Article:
Judge dismisses Merrill dot-com suits

A judge throws out two lawsuits that alleged Merrill Lynch was responsible for losses after the dot-com bubble burst, saying the plaintiffs lost investments "fair and square."

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A federal judge dismissed two class-action suits against Merrill Lynch that alleged its analysts produced fraudulent research that led to heavy investor losses when the dot-com bubble burst.

The ruling, announced Tuesday, laid the blame squarely at the feet of retail investors--whom the judge referred to as "high-risk speculators" for taking "unjustifiable risks" in "extremely volatile and highly untested stocks." Judge Milton Pollack of the Federal District Court in New York was referring in his ruling to the stocks of 24/7 Real Media and Interliant, which tumbled from their peaks when the stock market collapsed in 2000.

As the downturn gathered speed, many researchers kept publishing glowing notes that urged investors to buy stocks that were already in a tailspin. Even the U.S. Congress tried to blame the faltering economy on Wall Street's analysts.

Since that time, investment banking firms have faced a growing number of class-action lawsuits by groups of investors alleging that the brokerages violated securities laws by issuing false or misleading analyst reports as they tried to drum up investment banking businesses from the companies covered in the research.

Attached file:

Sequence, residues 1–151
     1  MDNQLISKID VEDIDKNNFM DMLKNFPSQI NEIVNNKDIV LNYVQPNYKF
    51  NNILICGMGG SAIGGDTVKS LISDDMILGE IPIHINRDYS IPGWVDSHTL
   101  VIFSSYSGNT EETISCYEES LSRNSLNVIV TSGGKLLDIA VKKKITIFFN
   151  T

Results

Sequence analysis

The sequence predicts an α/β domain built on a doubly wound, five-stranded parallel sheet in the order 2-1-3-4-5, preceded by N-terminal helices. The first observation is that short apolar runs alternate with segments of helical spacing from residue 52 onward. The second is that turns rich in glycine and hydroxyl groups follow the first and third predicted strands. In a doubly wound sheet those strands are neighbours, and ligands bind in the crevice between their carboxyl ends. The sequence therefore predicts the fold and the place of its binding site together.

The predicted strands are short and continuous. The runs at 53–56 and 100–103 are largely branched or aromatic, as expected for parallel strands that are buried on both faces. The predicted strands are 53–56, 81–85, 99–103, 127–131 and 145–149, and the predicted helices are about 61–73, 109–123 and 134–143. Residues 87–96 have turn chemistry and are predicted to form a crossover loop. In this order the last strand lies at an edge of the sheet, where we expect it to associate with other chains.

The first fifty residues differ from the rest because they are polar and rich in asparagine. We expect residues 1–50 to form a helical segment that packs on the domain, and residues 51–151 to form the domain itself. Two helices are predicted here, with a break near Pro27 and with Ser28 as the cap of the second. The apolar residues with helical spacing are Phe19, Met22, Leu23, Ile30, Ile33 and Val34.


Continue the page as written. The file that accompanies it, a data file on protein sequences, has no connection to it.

Tuesday's ruling, especially in light of its scathing language against the plaintiffs, is a seismic victory for investment houses such as Merrill that face a long list of similar class-action suits.

"Considering all of the facts and circumstances of the cases at bar, and accepting all of plaintiffs' voluminous, inflammatory and improperly generalized allegations as true, this court is utterly unconvinced that the misrepresentations and omissions alleged in the complaints have been sufficiently alleged to be cognizable misrepresentations and omissions made with the intent to defraud," Pollack wrote in his ruling.

These high-risk investors "now hope to twist the federal securities laws into a scheme of cost-free speculators' insurance" but lost their investments "fair and square," he added.